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Khon Mask Making
Written by Wadee Kheourai   
Friday, 09 February 2007 20:56

Most visitors to Thailand have the opportunity to experience the masked "Khon" drama, a uniquely Thai version of the Indian "Ramayana" epic, with tales of gods of ferocious demons. Khon was originally developed as an exclusively Royal entertainment, popular at the courts of Ayutthaya and later of Rattanakosin.

In addition to the exquisitely controlled grace and charm of the dance and its symbolic gestures (it takes over ten years to train a leading Khon actor), the most memorable features are certainly the gorgeous costumes with richly gilded crowns and colourful masks.

Each character in the Ramayana, or Ramakian as it is known in Thailand, has a different costume and headdress. Of the leading roles the most easily recognised are the noble God - King, Phra Ram, the demon, Thotsakan, and the local monkey general, Hanuman. There are more than a hundred support characters and most of them wear different styles of masks and headdresses which are lavishly decorated. The making of these masks is an art form that highly specialised and there are only a very few craftsmen in Thailand who have mastered this skill. One is M.R. Charoonsawat Suksawat.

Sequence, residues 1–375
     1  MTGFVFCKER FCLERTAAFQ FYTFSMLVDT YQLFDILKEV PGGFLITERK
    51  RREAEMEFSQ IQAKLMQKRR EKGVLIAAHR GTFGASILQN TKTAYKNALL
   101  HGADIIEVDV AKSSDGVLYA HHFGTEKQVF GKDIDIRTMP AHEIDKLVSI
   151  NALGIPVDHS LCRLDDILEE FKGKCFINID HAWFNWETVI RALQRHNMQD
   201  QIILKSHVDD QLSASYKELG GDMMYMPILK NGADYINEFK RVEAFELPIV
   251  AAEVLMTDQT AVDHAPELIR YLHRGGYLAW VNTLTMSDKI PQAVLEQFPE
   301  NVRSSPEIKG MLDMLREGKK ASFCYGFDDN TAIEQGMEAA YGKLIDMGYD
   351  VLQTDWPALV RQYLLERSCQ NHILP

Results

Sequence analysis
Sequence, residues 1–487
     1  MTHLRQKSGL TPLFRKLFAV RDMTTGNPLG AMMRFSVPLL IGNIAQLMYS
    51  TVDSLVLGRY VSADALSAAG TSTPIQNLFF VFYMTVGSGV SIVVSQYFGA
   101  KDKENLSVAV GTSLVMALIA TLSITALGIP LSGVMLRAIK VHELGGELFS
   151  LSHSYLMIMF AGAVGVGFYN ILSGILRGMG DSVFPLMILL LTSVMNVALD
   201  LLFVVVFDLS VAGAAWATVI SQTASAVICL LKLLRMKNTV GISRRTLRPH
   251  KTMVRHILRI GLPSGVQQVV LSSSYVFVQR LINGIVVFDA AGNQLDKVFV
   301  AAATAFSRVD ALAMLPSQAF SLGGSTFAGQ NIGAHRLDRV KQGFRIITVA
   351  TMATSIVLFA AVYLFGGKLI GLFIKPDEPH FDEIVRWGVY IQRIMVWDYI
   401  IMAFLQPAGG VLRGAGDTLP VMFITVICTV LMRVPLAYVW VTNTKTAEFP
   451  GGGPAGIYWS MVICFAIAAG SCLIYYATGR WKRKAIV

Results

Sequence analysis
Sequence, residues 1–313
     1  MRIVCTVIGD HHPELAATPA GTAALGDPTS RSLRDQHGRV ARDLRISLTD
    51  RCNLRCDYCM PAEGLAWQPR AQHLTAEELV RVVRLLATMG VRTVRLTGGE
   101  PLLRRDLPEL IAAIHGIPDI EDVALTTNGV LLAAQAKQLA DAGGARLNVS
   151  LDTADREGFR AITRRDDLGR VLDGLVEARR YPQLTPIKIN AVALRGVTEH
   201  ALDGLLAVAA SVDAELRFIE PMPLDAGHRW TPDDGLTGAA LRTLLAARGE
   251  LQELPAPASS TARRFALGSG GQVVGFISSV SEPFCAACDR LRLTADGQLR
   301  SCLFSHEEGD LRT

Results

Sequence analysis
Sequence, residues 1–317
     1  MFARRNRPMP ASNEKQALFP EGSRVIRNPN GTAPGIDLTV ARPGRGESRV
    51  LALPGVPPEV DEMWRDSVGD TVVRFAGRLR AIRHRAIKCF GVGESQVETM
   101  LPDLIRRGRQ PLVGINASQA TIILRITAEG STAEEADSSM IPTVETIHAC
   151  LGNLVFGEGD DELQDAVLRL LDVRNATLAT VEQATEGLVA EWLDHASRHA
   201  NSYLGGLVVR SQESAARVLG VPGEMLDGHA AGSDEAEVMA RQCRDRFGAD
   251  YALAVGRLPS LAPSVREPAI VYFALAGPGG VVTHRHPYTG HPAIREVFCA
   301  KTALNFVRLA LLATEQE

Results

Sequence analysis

The making of each mask can take many days of detailed work. The first stage is the moulding of a plaster form to the size and shape of the actor's head. On to this is applied many layers of papier mache in order to build up the character's features. For the best masks a special tissue thin paper (hand - made from a tree bark called "khoi") is used. Up to 20 layers of khoi paper are glued on to the form, then the surface is dried and smoothed. The mask is then cut away from the form, the two halves begin rejoined by sewing with fine wire. A final layer of papier mache is added, holes made for eyes and mouth, and the decoration finished using paint, lacquer, gold leaf and coloured glass fragments. For the finest examples semi precious gems are used and real ivory for tusks and fangs.

Information from: Thai Studies by Wadee Kheourai.